Odd museums in London.
Tube: Paddington, (020) 7886 6528.
Through a reconstruction of his laboratory, displays and video, visitors can observe and uncover secrets of Alexander Fleming's discovery of penicillin in 1928.
Train: Forest Hill, (020) 8699 1872, www.horniman.ac.uk
Includes an exhibition room with a vast and fantastic collection of musical instruments from all over the place, including drums made from human skulls.
Bramah Museum of Tea and Coffee
Tube: London Bridge, (020) 7403 5650, www.bramahmuseum.co.uk
Everything you ever wanted to know about the importation and consumption of tea and coffee in the UK and the world.
Bank of England Museum
Tube: Bank, (020) 7601 5545, www.bankofengland.co.uk/museum
The museum tells of the Bank of England's history from its inception to its current role as the UK's central bank. Collection includes banknotes and coins, books and documents, furniture, pictures and photographs, silver, statues and other artifacts. Most notably, the museum contains the renowned Great Iron Chest and ancient balance weights ( for all those burgeoning numismatists out there.
Tube: London Bridge, (020) 7403 0900, www.clink.co.uk
A harrowing vision of prisons of the past from the gaol that gave us the term "the clink".
Percival David Foundation of Chinese Art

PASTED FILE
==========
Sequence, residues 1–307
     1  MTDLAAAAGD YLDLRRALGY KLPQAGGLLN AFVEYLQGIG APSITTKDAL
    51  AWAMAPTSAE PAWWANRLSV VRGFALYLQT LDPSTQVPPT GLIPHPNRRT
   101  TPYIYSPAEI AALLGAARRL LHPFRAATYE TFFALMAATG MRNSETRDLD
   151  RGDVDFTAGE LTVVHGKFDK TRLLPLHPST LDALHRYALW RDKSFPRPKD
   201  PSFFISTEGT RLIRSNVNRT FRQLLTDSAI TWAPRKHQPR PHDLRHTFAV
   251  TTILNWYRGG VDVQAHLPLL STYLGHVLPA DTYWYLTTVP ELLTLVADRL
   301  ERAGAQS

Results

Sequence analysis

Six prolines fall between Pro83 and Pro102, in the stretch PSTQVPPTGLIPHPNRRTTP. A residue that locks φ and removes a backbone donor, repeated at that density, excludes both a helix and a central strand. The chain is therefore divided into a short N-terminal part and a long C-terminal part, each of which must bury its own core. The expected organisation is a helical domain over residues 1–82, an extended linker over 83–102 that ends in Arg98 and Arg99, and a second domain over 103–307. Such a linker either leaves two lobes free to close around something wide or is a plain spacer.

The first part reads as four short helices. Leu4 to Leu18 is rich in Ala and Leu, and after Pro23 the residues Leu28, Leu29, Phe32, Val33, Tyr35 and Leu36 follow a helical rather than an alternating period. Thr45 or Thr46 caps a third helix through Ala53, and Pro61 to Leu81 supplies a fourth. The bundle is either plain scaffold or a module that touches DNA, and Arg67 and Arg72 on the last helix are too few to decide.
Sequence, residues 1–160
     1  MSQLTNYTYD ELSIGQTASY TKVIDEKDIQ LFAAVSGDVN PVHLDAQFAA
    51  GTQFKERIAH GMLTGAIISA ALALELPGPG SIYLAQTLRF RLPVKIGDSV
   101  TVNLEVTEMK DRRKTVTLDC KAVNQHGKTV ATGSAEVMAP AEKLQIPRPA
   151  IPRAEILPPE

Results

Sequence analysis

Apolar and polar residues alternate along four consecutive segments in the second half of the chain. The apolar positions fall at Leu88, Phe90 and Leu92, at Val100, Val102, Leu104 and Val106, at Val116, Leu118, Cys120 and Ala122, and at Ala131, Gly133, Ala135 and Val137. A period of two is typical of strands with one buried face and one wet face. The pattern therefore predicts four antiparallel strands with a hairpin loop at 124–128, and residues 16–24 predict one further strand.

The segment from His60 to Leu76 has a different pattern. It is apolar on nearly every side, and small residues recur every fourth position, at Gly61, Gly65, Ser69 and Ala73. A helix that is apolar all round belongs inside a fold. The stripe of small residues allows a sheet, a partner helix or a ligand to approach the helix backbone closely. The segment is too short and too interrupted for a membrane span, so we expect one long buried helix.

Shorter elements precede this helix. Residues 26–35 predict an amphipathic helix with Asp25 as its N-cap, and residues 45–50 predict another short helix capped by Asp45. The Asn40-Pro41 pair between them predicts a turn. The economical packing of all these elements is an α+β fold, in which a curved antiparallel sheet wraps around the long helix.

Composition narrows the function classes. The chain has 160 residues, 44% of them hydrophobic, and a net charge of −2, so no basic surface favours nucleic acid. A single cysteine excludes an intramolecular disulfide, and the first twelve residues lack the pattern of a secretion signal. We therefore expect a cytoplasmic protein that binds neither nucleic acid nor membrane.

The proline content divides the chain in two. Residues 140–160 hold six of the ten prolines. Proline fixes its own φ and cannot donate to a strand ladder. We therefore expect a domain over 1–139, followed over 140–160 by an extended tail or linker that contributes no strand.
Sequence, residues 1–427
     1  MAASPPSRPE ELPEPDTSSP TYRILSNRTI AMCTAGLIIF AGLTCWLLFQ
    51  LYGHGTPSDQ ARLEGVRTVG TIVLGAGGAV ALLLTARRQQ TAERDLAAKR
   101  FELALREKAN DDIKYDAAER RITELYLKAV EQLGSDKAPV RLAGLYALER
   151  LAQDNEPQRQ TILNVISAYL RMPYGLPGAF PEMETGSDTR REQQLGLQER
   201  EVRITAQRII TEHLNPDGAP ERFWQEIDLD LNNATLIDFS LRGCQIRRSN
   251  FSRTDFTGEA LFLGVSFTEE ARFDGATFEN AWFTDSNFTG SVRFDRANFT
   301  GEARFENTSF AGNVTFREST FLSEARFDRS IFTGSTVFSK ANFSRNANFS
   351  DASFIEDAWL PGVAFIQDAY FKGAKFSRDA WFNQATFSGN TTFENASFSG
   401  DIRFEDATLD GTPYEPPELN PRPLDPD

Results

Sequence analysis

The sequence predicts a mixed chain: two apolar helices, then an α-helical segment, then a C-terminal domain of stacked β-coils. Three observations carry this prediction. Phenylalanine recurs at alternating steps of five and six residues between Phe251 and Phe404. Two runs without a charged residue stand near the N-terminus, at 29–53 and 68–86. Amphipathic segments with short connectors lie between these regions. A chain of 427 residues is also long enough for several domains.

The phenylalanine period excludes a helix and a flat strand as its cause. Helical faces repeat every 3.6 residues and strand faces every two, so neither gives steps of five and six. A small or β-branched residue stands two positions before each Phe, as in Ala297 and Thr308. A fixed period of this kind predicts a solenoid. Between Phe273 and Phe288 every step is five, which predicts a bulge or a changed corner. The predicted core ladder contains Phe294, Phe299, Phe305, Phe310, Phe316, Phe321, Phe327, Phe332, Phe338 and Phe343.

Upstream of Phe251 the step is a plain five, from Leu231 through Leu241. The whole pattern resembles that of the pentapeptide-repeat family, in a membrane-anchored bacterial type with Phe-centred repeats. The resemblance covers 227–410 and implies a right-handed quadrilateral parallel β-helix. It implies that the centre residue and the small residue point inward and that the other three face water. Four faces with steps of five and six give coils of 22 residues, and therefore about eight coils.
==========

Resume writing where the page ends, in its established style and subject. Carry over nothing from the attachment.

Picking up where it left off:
Tube: Euston Square/Piccadilly, (020) 7387 3909, www.pdfmuseum.org.uk
London's largest collection of Chinese ceramics, promoting Chinese Culture and art under the auspices of scholar Sir Percival David. The museum includes rare pieces from the Song (960-1279) and Yuan (1279-1368) dynasties, as well as various other important Chinese ceramics finds.
Dr Johnson's House
Tube: Blackfriars Tube, (020) 7353 3745.
This was the home of Samuel Johnson from 1748 to 1759; here, he compiled the first English Dictionary. It's one of the few residential houses of its age, built in 1700.
London Transport Museum
Tube: Covent Garden Tube, (020) 7565 7299.
The museum occupies the site of a former flower market shed to the east side of Covent Garden's Piazza. It was re-opened in 1993 after a prolonged refurbishment. Buses, trains and trams abound in this child-friendly museum.
Dickens House Museum
Tube: Russell Square, (020) 7405 2127, www.dickensmuseum.com
Opened in 1925 as the last surviving home of Charles Dickens, the Dickens Museum continues to be a favourite of bibliophiles from all around the world. In it, he wrote Oliver Twist, whose effects have since coloured the Victorian age forever. Visitors can see paintings, rare editions, manuscripts and original furniture, plus more details about the famous author.
Tube: Bond Street, (020) 7563 9500.
Considered one of the best private collections in the world, this small museum contains works from Rembrandt, Titian, Poussin and Roubiliac. Many of the best 18th Century French paintings and furniture can be seen.
Tube: Covent Garden, (020) 7943 4700.
The Theatre contains a vast array of archives and collections of live performances; portraits, posters, costumes, manuscripts and evidence deconstructing historical live performances in history; and guided walks exposing behind-the-scene secrets (paid tour).